NILA in Action
In James v. Garland, NILA teamed up with solo practitioner, Kira Gagarin, on her first petition for review. The case involved whether the BIA erred by failing to consider our client’s argument that notice of appeal, made while she was pro se, detained, and “during the frenzied first month of the COVID-19 outbreak,” should be treated as timely filed even though it arrived late at the BIA. On October 25, 2021, the First Circuit ruled in our favor. The court noted that “the BIA must have been aware of the coronavirus pandemic” and sent the case back to the BIA to determine whether our client’s circumstances warranted equitable tolling of the appeal deadline.
NILA, in collaboration with Perkins Coie and the National Immigrant Justice Center, filed an amicus brief with the Supreme Court in Patel v. Garland. In our brief, we explain how, if the Immigration and Nationality Act’s restriction on federal court review of certain discretionary decisions is read as stripping federal courts of jurisdiction over nondiscretionary, statutory eligibility issues, noncitizen applicants for adjustment of status who are not in removal proceedings—and thus can seek review only in U.S. district courts—will be left without a forum for review of all errors of law or fact by USCIS, no matter how egregious. Read the brief here.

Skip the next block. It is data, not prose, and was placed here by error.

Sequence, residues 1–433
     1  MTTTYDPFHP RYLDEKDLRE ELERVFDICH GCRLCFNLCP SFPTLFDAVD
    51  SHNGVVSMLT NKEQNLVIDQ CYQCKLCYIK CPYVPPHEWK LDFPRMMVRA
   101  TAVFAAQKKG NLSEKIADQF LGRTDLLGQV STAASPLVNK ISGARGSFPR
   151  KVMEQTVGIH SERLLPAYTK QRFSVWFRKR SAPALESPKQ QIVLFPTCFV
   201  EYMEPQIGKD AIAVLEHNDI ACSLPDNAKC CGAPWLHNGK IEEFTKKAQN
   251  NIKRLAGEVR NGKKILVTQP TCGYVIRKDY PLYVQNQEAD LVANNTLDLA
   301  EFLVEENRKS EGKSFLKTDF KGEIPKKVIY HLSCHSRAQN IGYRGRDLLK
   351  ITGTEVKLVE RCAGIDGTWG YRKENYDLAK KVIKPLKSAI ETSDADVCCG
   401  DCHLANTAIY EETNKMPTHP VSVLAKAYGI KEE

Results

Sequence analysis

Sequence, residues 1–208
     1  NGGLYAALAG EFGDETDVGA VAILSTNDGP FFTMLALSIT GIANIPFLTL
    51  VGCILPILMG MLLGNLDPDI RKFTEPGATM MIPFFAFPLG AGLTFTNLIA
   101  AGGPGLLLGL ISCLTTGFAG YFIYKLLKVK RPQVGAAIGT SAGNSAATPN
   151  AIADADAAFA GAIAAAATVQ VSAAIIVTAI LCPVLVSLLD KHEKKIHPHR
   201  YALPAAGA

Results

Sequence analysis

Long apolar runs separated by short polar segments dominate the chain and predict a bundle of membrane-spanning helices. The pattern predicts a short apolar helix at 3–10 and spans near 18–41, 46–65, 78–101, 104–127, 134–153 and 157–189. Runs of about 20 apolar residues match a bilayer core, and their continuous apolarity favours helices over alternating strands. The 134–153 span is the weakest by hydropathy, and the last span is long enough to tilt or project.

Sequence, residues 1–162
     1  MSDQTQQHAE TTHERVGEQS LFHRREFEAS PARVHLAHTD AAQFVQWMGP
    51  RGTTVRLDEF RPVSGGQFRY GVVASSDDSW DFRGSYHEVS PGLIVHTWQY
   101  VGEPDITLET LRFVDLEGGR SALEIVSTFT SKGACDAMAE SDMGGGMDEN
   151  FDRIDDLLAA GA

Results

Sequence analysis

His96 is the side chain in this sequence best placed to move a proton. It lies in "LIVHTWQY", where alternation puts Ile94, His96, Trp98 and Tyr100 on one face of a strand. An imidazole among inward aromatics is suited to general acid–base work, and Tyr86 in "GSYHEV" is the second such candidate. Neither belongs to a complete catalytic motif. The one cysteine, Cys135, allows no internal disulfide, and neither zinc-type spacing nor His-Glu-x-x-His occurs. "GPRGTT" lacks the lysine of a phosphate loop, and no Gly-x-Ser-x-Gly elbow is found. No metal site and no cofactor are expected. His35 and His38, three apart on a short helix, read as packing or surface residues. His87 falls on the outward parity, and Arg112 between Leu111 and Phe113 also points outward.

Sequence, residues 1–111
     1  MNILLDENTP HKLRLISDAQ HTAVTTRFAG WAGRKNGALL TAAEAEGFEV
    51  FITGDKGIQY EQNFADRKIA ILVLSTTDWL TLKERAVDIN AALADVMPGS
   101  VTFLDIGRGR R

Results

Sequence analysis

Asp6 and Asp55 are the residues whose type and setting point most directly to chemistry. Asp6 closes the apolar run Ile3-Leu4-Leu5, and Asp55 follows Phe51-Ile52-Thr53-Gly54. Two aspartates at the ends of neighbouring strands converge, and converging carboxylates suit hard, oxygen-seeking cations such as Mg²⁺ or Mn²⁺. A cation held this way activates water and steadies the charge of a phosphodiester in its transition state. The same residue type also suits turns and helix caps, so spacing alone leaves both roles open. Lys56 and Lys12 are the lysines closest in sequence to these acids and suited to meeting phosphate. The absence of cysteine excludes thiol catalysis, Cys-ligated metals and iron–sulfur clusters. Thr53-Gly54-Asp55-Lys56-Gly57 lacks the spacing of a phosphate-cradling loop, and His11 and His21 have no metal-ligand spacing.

On August 18, 2021, in Alvarez Espino v. USCIS, the U.S. District Court for the District of Vermont denied a motion to dismiss filed by Defendant U.S. Citizenship and Immigration Services in NILA’s challenge to the agency’s unreasonable delay in placing the plaintiffs on the U visa waiting list. The court concluded that discovery was necessary for it to fully consider the factors that inform whether an agency’s delay is unreasonable. Consequently, in addition to denying the motion to dismiss, the court allowed the parties 6 months to engage in discovery. NILA’s co-counsel in the case is Maria Baldini-Potermin & Associates. Read the decision here.